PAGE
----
Attorneys Can Use Social Media and Adhere to Ethical Standards


Social media, to the chagrin of some and the delight of others, has muscled its way on to the legal marketing scene and is now a force that is difficult to ignore. Social media itself is not exactly new – Facebook is 8 years old – but its ubiquitous presence on law firm marketing blogs and in law firm marketing plans is a more recent development. Even busy attorneys who eye the development with suspicion will grudgingly set up a LinkedIn or Google+ profile.

The ABA has (finally) officially recognized the unavoidable role technology plays in an attorney’s daily life. This week, the American Bar Association House of Delegates approved proposed changes to ABA Model Rules of Professional Conduct with respect to technology. Among the updates are modifications to the comments to Rule 1.1, which covers competent representation. The comments were amended to say that attorneys must understand “the benefits and risks associated with relevant technology.”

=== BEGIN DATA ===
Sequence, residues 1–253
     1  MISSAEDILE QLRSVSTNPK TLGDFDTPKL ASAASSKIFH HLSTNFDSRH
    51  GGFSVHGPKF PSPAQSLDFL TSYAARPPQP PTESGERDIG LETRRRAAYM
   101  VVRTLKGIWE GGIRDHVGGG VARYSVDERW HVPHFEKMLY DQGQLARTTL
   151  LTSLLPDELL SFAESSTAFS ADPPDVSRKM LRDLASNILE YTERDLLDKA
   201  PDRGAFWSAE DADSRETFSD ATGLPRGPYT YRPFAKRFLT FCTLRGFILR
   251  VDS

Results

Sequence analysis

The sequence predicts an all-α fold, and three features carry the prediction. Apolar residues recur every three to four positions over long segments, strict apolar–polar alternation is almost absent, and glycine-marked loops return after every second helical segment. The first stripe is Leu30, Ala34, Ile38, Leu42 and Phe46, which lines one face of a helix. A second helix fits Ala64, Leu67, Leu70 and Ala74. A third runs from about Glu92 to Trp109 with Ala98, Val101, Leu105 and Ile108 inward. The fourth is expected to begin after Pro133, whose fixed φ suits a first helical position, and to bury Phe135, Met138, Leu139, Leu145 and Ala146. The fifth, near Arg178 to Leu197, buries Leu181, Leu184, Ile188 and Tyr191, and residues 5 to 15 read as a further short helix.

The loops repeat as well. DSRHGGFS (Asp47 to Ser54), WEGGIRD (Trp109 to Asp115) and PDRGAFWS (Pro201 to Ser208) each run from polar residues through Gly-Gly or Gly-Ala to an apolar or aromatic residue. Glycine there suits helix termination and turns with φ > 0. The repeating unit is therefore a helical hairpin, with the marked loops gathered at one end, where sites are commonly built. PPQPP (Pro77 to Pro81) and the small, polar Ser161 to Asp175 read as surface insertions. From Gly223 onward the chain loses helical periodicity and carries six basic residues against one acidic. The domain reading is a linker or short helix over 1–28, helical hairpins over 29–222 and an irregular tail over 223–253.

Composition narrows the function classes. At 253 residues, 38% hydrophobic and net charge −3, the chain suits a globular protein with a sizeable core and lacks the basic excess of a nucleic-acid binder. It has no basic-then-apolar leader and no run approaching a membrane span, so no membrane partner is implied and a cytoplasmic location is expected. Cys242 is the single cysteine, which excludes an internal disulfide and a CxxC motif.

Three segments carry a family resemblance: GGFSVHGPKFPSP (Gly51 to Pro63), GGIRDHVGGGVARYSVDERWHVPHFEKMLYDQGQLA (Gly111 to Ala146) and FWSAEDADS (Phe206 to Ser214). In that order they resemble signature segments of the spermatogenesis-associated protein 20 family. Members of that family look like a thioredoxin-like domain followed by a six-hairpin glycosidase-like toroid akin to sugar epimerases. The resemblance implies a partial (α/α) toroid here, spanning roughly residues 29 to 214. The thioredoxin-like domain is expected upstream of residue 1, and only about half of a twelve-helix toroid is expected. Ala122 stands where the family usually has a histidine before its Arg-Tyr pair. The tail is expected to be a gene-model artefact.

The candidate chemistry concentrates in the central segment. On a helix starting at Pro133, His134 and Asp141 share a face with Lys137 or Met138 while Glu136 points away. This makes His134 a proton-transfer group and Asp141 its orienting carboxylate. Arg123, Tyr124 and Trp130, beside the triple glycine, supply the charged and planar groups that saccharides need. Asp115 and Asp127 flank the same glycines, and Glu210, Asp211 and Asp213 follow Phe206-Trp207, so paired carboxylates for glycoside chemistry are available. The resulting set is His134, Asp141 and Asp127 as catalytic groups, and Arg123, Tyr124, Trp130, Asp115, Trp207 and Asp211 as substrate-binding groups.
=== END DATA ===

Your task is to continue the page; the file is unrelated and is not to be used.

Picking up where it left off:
The ability of people to say something public and stupid online has not changed since bored teenagers huddled around a computer pretending to be someone exotic on a Usenet newsgroup. Twenty years later, the explosion of available platforms makes it even easier for a professional adult to breach ethical boundaries. In fact, some attorneys use ethical considerations as an excuse to avoid social media altogether.

Integrating social media into a marketing strategy does not have to portend doom. Simple steps can be taken to keep your online activities within ABA ethics standards... CONTINUE READING

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DISCLAIMER: Because of the generality of this update, the information provided herein may not be applicable in all situations and should not be acted upon without specific legal advice based on particular situations.

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